Algonquin Books of Chapel Hill
Publication date:
Product dimensions:
6.13(w) x 9.25(h) x 1.07(d)

Meet the Author

Nina Schuyler received her B.A. from Stanford University and an M.F.A. in creative writing from San Francisco State University. Her stories have appeared in literary journals, including Sojourn Literary Arts Journal and New Town. Her work has been nominated for Best New American Voices and the Wilner Award, and in 2001 she received the Bay Area Fiction Journal Award. Schuyler teaches writing at the Academy of Art College in San Francisco and lives in Fairfax, California, with her husband and son. This is her first novel.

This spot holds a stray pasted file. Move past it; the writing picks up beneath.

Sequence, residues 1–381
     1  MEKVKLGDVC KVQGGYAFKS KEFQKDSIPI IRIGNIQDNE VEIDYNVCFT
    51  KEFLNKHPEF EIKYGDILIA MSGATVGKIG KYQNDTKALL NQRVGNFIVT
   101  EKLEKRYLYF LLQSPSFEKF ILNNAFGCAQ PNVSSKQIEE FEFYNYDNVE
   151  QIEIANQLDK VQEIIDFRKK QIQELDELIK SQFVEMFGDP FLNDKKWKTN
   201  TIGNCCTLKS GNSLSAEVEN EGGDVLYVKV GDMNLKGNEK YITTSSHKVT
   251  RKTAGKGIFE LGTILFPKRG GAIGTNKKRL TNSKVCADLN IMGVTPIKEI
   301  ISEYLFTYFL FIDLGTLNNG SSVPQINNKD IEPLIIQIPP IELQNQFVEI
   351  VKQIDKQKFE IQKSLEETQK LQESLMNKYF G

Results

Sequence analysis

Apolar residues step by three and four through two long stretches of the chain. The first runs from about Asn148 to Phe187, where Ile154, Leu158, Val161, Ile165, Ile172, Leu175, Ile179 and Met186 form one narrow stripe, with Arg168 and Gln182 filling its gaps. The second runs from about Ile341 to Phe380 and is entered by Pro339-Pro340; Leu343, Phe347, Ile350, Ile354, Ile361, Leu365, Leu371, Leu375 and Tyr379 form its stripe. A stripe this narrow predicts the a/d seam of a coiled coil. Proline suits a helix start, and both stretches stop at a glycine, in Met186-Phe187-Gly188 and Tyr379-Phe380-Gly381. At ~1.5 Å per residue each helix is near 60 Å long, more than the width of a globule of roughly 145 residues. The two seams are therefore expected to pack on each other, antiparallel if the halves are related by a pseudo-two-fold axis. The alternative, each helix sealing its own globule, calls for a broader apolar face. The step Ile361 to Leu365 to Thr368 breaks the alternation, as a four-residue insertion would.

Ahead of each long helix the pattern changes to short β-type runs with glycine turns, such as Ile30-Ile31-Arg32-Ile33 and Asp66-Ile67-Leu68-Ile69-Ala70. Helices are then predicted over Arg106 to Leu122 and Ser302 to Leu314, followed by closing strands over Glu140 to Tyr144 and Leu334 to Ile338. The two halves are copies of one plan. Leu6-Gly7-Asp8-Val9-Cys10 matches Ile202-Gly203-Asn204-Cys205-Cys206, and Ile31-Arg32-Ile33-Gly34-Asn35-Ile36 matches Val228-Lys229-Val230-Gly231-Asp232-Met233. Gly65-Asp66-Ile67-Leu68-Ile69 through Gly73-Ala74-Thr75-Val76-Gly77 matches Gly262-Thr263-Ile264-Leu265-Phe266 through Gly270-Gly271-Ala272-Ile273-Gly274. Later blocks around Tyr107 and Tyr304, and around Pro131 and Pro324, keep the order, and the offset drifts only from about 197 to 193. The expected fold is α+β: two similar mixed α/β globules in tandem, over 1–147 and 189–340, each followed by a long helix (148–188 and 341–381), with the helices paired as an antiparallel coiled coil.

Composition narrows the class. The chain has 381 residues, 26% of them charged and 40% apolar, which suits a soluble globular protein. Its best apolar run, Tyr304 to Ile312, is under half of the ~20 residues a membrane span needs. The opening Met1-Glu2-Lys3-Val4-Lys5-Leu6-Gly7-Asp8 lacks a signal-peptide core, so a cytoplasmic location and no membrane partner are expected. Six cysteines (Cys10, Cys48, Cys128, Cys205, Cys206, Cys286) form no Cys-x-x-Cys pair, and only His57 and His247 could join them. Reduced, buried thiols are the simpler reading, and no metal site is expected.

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5 out of 5 based on 0 ratings. 1 reviews.
Guest More than 1 year ago
I love reading, but it is hard for me to find books that i can really get into. 'The Painting' by Nina Schuyler gave me everything that i was looking for. It is written excellently and the way she switches from one story to the other is truely brilliant. when i first started reading this book, i prefered the japan story, but as i progressed reading, i came to really enjoy the France story, and it became my favorite. Both stories captivated me and i couldn't put the book down until i was done. This is one the best books that i have ever read.